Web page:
Enough about the 2020 Presidential election and its aftermath. But it’s worth noting there’s a reason people are concerned about the “elections have consequences” part.
I mentioned in this column or in another opinion piece a few weeks back that the dynamics of the Paycheck Protection Program would be much different going forward. They are, unfortunately, and they are leaving a lot of sole pr
oprietorships and self-employed customers by the side of the PPP highway.
Many of you will remember some of the campaign rhetoric (on both sides) about making sure we take good care of our nation’s small businesses. But the Small Business Administration folks appear to have another idea – PPP funding benefits will not be available to a large number of these folks if they have earlier received aid through the program.
Even though the “new” rules seemed favorable when announced, they have proved to be anything but. Word from the SBA has been hard to get, and what has been disseminated so far has added more confusion to an already existing system. If I’m going to be fair about things, it seems as if the new rules have attempted to make things clearer, right up until it’s determined these single entities are just not going to be admitted to the party.
There’s a recent article in Politico that talks about this issue and points out the new, easier rules will only apply to new loan applicants. House Small Business Committee Chairman, Nydia Velazquez (D-N.Y.) is just one of many Democrats making a lot of noise about this interpretation of how new rules are supposed to work.
“Why is that?,” you may ask. Simply because these really small businesses were earlier forced to apply for loans based not just on the amount of payroll, but on net profits. The rules defined “payroll costs” for individuals who file Form 1040, Schedule C as payroll costs (if employees exist) plus net profits, which is net earnings from self-employment. This formula effectively excluded many sole proprietors from obtaining PPP loans, particularly those with very little or negative net profit.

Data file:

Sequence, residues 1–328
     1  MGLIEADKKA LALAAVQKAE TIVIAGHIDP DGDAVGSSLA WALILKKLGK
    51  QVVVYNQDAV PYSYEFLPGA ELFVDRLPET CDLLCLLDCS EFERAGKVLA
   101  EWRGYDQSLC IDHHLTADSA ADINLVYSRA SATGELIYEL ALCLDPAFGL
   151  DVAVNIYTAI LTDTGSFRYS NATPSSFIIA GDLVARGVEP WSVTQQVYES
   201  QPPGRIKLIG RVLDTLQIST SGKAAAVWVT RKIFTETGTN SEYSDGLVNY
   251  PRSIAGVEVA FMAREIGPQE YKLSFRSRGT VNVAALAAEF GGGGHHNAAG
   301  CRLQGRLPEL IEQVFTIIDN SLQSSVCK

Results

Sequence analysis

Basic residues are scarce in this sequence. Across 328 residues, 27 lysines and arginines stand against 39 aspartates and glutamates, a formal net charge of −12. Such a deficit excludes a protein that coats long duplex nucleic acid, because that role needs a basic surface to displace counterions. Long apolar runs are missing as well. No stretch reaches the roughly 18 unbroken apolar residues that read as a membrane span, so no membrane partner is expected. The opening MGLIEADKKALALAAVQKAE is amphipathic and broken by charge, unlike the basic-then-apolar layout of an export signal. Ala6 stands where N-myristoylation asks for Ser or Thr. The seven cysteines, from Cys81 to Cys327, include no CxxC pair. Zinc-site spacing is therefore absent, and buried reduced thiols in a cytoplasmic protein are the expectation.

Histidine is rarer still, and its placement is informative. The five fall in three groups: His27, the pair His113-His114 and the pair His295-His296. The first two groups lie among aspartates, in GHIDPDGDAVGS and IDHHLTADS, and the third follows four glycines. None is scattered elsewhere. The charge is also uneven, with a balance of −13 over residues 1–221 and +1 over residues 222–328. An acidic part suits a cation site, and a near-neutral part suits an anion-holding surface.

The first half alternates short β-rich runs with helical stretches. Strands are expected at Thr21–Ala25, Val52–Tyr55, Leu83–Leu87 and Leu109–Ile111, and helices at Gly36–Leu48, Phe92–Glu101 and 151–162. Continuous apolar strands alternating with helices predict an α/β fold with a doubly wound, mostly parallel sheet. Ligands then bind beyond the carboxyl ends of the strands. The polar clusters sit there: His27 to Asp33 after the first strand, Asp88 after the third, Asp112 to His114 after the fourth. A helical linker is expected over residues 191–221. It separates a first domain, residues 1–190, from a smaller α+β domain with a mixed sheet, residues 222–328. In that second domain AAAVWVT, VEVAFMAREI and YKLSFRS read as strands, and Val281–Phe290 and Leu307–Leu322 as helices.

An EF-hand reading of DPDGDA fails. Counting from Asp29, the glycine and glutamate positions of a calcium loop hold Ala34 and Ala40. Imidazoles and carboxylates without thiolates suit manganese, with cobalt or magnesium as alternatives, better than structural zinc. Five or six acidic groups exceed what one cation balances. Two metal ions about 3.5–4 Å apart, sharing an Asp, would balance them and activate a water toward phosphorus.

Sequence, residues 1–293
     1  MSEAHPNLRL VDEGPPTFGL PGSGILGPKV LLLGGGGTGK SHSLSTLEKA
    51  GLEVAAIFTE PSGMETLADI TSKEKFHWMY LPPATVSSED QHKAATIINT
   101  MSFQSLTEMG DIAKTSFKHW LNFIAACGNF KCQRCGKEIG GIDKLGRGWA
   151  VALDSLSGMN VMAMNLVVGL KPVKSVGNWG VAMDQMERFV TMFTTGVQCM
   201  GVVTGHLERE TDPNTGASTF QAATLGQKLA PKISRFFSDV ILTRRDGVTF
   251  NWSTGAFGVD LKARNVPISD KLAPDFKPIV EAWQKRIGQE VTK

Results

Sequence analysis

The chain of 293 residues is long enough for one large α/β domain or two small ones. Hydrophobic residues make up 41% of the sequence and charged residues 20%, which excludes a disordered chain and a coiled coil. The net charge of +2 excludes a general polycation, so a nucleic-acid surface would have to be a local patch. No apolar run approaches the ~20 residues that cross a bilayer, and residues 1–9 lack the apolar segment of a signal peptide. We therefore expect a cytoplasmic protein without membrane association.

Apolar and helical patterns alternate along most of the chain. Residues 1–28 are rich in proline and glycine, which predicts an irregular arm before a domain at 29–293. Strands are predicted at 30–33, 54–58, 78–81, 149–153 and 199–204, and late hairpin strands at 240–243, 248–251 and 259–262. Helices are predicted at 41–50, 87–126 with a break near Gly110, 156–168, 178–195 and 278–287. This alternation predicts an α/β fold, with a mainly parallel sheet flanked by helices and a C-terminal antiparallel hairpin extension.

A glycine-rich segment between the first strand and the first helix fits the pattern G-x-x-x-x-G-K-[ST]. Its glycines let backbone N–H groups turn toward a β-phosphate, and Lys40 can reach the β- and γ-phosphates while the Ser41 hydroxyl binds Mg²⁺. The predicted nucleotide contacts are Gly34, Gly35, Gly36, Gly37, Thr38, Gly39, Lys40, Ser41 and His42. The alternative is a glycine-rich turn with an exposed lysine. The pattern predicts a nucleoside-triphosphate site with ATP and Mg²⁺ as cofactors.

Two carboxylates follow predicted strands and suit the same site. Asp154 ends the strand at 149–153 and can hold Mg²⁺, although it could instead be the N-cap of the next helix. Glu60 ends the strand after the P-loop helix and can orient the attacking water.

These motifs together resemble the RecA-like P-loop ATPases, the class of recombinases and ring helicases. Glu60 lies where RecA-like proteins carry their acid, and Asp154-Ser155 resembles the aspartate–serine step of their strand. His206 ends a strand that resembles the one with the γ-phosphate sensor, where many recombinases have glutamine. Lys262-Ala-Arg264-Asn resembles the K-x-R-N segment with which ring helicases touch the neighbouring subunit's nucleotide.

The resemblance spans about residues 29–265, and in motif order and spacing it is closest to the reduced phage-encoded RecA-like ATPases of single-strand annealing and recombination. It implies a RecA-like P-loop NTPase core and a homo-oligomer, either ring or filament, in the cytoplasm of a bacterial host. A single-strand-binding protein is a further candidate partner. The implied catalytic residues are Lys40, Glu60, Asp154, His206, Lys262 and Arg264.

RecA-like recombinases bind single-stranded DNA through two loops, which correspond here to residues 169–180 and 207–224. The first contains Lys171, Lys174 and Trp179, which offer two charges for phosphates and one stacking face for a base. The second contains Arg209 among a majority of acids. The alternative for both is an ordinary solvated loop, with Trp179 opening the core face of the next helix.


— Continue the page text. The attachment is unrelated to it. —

By contrast, larger firms’ applications were approved because payroll costs were easier to calculate. If you stop and think about the “unintended consequences” coming from the size difference, especially in any program enacted to get small businesses back on their feet, this result is just wrong.
Remarkably, given the poisonous atmosphere in Washington about all things racial, a recent survey shows one in three very small white businesses did not receive the requested amount, but nearly all black self-employed businesses were similarly rejected.
The SBA tells us they don’t have retroactive rulemaking authority, so that’s why there cannot be any increase in the amount of loans already on the books. Congress provided such rules for farmers and ranchers in December, but nothing else, the SBA says.
Now, here’s the rest of the story. As this issue of the Oklahoma Banker goes to press, the SBA has issued an interim final rule implementing changes that allow these small business owners and sole proprietorships (those who file an IRS Form 1040, Schedule C) to calculate their maximum loan amount using gross income.
SBA has issued updated forms for borrowers and lenders reflecting these changes and step-by-step loan amount calculations. The IFR also stated this change in how a borrower is to do his or her calculation will apply only to loans approved after the rule’s effective date. Borrowers who have already had their loans approved cannot increase their PPP loan amount based on the new maximum loan formula.
See what I mean, and why many observers believe this PPP system is uncoordinated, confusing AND discriminatory? Senate Small Business Committee Chairman, Ben Cardin (D-Mary.) will hold hearings later this month as “a matter of fairness.”
Additionally, businesses electing to use gross income to calculate their first-draw PPP Loan only get the “safe harbor presumption” that certifies the borrowers’ economic necessity if they reported $150,000 or less in gross income on their Schedule C. Borrowers that report gross income greater than $150,000 will be subject to additional SBA review.
Consistent, equal treatment of individuals is the hallmark of “good government.” But when the federal government blatantly ignores the needs of the smallest of the nation’s small businesses so they can participate in this new program, such a result makes no sense. This is particularly true when the impact of the proposed rules discriminates so blatantly against minority-owned small businesses.